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Septimius Severus, 9 April 193 - 4 February 211 A.D.
Victory or Nike is seen with wings in most statues and paintings, with one of the most famous being the Winged Victory of Samothrace. Most other winged deities in the Greek pantheon had shed their wings by Classical times. Nike is the goddess of strength, speed, and victory. Nike was a very close acquaintance of Athena and is thought to have stood in Athena's outstretched hand in the statue of Athena located in the Parthenon. Victory or Nike is also one of the most commonly portrayed figures on Greek and Roman coins.RS92475. Silver denarius, RIC IV 423 (S) var. (...CAE L SEV...); RSC III 696 var. (same), BMCRE V p. 98, W393 var. (same, VICT AVG); SRCV II -; Hunter III -, EF, toned, minor encrustations, die wear, some letters unstruck, edge cracks, weight 3.188 g, maximum diameter 17.5 mm, die axis 0o, Emesa (Homs, Syria) mint, 194 - 195 A.D.; obverse IMP CAE SEP SEV PERT AVG COS II, laureate head right; reverse VICTOR AVG, Victory advancing right holding trophy in both hands; extremely rare, this is the only example of this variety known to FORVM; from the Errett Bishop Collection; $300.00 (€264.00)
Lucius Verus, 7 March 161 - February 169 A.D.
In 166, Marcus Aurelius appointed his sons as caesars, while he and Lucius Verus traveled to Germany.RS92460. Bronze as, RIC III MA1448 (S), Cohen III 282, BMCRE IV 1307, Szaivert MIR 18 129, SRCV II 5416, Hunter II -, VF, nice portrait, light marks, some porosity, some earthen encrustation, weight 12.355 g, maximum diameter 25.8 mm, die axis 180o, Rome mint, Dec 165 - summer 166 A.D.; obverse L VERVS AVG ARM PARTH MAX, laureate head right; reverse TR POT VI IMP III COS II, Victory standing facing, head left, crowning a trophy of arms with right hand, palm frond in left hand, S - C (senatus consulto) flanking low across field; from the Errett Bishop Collection; rare; $200.00 (€176.00)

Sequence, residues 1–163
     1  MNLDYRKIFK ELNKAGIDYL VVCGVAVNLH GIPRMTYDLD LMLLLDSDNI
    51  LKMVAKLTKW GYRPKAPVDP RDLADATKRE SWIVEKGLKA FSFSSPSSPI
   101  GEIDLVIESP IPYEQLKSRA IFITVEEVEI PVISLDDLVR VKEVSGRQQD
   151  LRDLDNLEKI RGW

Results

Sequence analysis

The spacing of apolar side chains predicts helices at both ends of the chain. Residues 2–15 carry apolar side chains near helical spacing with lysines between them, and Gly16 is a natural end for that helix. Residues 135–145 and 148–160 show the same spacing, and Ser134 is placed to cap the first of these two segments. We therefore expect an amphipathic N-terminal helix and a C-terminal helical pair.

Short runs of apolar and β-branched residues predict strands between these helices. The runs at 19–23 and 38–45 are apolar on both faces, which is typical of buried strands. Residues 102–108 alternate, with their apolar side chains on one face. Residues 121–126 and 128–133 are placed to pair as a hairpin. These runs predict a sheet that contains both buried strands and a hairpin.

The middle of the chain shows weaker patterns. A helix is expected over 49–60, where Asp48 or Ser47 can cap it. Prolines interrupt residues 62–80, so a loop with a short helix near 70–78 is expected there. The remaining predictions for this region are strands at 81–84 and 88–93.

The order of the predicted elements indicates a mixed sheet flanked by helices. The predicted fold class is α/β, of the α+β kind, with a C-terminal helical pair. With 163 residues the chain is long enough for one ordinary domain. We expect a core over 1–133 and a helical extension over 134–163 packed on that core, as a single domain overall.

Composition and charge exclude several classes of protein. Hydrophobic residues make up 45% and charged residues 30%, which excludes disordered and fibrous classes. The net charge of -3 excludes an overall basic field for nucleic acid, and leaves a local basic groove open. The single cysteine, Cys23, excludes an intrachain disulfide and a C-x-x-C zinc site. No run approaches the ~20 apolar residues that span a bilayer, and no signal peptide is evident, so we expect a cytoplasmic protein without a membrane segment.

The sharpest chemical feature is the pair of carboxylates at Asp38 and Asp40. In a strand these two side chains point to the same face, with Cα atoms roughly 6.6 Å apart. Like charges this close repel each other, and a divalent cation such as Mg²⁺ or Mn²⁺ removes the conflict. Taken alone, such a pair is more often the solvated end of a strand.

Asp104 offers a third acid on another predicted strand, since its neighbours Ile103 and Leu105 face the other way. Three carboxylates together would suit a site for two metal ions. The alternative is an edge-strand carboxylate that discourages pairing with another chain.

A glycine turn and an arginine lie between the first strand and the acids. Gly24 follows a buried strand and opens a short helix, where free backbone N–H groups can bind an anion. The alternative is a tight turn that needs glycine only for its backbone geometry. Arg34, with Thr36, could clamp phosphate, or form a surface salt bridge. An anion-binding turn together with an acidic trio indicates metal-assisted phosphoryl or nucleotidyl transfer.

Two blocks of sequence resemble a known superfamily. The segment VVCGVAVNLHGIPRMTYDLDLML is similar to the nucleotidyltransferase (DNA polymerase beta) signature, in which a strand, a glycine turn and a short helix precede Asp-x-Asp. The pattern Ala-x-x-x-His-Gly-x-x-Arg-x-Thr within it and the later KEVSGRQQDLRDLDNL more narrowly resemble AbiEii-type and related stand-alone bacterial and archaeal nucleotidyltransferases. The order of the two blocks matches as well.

Probus, Summer 276 - September 282 A.D.
Adventus reverse types commemorate the emperor's arrival at Rome, either at the commencement of his reign or on his return from a distance. They may also refer to his arrival in some other city or province of the empire. At their accession, emperors were not conveyed in a chariot nor in any other vehicle, but went on horseback or on foot when they made their first public entry into the capital of the Roman world.RA76334. Billon antoninianus, RIC V-2 904 (S); Cohen VI 69; Pink VI-1, p. 43; Hunter IV 311 var. (1st officina); cf. SRCV III 11195 (Rome mint, etc.), gVF, green patina with some silvering remaining, weight 4.393 g, maximum diameter 23.0 mm, 2nd officina, Cyzicus (Kapu Dagh, Turkey) mint, 2nd emission, end 276 - beginning 277 A.D.; obverse VIRTVS PROBI AVG (the valor of Emperor Probus), radiate, helmeted, and cuirassed bust left, spear in right hand over right shoulder, oval shield decorated with charging horseman on left arm; reverse ADVENTVS PROBI AVG (the arrival of Emperor Probus), Probus on horseback left, raising right hand in salute, long scepter in left hand, horses' right foreleg raised over bound captive seated left, B in exergue; scarce; $160.00 (€140.80)
Septimius Severus, 9 April 193 - 4 February 211 A.D.